COMMENTARY | The Cincinnati Reds will enter the 2014 season without the services of longtime starting pitcher Bronson Arroyo, one-year rental sensation Shin-Soo Choo, and veteran defensive backstop Ryan Hanigan.
While none of these losses are insurmountable for the Reds to vie for the NL Central title, there are some uncertainties about the Reds that could ruin the team's 2014 season.
Here are five issues that could cause the Reds' 2014 season to take a significantly downward turn:
Brandon Phillips Meltdown
It's one thing to verbally belittle the players of another team the way Brandon Phillips did with his comments about the St. Louis Cardinals' players in 2010. It's another thing altogether to bash the owner of your team in print and obscenely berate a beat reporter on video the way Phillips did in 2013.
Phillips would serve the Reds best in 2014 by letting his play on the field do his talking. If Phillips is not traded in the interim and decides he will be an ongoing distraction, the clubhouse environment under new manager Bryan Price could deteriorate to the point that it impacts the overall success of the team in 2014.
Johnny Cueto Injury
The Reds survived the loss of ace Johnny Cueto for most of the 2013 season, but Cueto wasn't recuperated enough to produce at his usual ace-self when he faced the Pittsburgh Pirates in the NL wild-card game. That disappointing outing brought back the cloud surrounding Cueto and his health: Will he be able to pitch again at the level he had prior to a lat injury that knocked him out of Game 1 of the 2012 NL Division Series and limited him to 11 starts and three trips to the disabled list in 2013?
A healthy Cueto is a potential 20-game winner and one of the top five pitchers in the major leagues (second in ERA among starters in the majors since 2011). Now that the Reds' rotation no longer includes the rubber-armed Bronson Arroyo, a less than healthy Cueto in 2014 could be even more of a loss than Cueto's extended absence was in 2013.
Billy Hamilton Flop
No one in the Reds organization expects rookie Billy Hamilton to replicate the on-base percentage of on-base machine Shin-Soo Choo. But the speedster is expected to be a leadoff hitter capable of stealing bases by the bunches while being a significant upgrade over Choo in center field.
If Hamilton reaches second base enough to be in a position to score at least 90 runs as the leadoff hitter, the rest of the Reds' lineup should be able to do the rest. The Reds enjoyed the services of Choo as their primary leadoff hitter in 2013, but this group of Reds understands that the success of the leadoff hitter isn't the end-all for team success -- in 2012, the Reds collectively scored 83 runs with a .254 OBP at leadoff and still managed to have the second-best record in baseball.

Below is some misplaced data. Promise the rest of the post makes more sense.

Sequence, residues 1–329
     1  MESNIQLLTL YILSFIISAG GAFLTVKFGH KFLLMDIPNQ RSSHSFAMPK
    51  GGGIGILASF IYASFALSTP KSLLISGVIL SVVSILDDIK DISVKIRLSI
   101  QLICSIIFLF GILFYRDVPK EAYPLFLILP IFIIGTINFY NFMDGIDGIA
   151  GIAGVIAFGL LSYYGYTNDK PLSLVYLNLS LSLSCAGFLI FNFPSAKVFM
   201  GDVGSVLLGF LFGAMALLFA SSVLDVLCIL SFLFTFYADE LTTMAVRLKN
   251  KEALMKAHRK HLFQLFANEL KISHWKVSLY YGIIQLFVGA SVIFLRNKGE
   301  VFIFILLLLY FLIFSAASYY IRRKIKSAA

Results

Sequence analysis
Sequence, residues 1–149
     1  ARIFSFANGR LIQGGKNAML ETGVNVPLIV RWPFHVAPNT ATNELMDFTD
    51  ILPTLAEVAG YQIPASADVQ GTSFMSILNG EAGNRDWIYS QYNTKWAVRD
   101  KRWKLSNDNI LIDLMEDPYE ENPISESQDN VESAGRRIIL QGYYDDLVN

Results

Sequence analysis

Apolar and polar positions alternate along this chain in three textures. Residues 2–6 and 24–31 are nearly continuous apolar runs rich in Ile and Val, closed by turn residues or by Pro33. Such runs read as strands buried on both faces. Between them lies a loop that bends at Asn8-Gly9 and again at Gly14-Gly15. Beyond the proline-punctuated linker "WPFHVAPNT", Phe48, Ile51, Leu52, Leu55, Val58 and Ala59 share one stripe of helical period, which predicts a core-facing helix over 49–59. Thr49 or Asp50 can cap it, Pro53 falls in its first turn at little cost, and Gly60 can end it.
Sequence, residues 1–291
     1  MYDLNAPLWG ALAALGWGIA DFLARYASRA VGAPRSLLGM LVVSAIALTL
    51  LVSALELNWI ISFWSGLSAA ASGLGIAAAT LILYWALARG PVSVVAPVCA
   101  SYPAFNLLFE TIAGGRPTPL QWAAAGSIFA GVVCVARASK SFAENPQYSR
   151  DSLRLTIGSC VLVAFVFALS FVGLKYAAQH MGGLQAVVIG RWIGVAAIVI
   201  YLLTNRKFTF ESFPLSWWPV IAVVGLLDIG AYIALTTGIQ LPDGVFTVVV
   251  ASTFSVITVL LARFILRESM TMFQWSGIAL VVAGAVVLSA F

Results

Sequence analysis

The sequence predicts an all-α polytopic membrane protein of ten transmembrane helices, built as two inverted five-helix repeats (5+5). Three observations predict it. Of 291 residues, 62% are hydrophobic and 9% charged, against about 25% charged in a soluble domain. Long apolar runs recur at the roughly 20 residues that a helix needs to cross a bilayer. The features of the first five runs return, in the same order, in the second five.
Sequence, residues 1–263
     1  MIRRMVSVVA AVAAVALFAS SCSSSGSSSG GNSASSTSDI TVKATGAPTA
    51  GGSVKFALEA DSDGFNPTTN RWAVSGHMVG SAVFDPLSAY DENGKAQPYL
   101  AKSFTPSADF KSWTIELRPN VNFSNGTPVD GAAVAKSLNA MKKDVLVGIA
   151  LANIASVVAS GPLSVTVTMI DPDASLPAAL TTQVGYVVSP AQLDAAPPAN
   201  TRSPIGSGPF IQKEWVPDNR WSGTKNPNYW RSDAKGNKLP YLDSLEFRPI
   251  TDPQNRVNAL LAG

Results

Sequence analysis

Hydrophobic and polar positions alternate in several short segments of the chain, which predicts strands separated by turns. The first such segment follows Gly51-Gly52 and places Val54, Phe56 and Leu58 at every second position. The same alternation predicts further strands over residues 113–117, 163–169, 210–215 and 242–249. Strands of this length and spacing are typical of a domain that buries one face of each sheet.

Still, an abject disaster by Hamilton to start the season could cause a freefall that could force the Reds to dig themselves out of a first-half hole.
Tony Cingrani Crash
The biggest reason why the Reds survived the loss of Cueto for so much of the 2013 season was the emergence of Tony Cingrani in the rotation. Armed with pretty much just one pitch, Cingrani thrived in his conversion from reliever to starter, posting a 2.92 ERA and 120 strikeouts in 104.2 innings.
Cingrani may be able to deliver at the level he did in 2013 before back spasms finally shortened his season. But even if he slides a little, the Reds can manage as long as Cueto returns without further injury issues.
Should Cingrani completely lose effectiveness or experience further injury issues, the results could be disastrous now that Arroyo and his 200 innings a year are gone. If neither Cingrani nor Cueto can deliver, the results could truly ruin the 2014 season.
Ryan Ludwick Struggles
The Reds' 2013 season got off to an unlucky start when cleanup hitter Ryan Ludwick tore his shoulder trying to slide head-first into third base on opening day. Ludwick returned for the final two months of the season but failed to deliver at the plate like he had in 2012, when he belted 26 homers and produced 80 RBIs in just 422 at-bats. The .240 average clip with just two HRs and 12 RBIs that Ludwick produced in 129 ABs in 2013 simply will not do in 2014.
The Reds were able to adequately replace Ludwick in the cleanup spot with second baseman Brandon Phillips but never really got much production out of the left-field position vacated by Ludwick. Two of the reserves -- Xavier Paul and Derrick Robinson -- who replaced Ludwick in left field are no longer Reds.
Should Ludwick continue his late-2013 struggles into this season, the offense will suffer. If Ludwick can't live up to even half of the $13.5 million he'll make (including a $4.5 million buyout in 2015) for one year of play and both Phillips and Hamilton don't live up to even the most modest of expectations, the Reds could find themselves on such a disastrous course that their battle could be with the Chicago Cubs for division cellar dweller instead of the rest of the teams in the NL Central for the division crown.
Robb Hoff has worked as a freelance researcher for ESPN's production and news departments for the past five years and maintains the Football Nostradamus website. You can read his articles about the Reds here.
- Sports & Recreation
- Brandon Phillips
- Cincinnati Reds
- Johnny Cueto
- Bronson Arroyo
- Billy Hamilton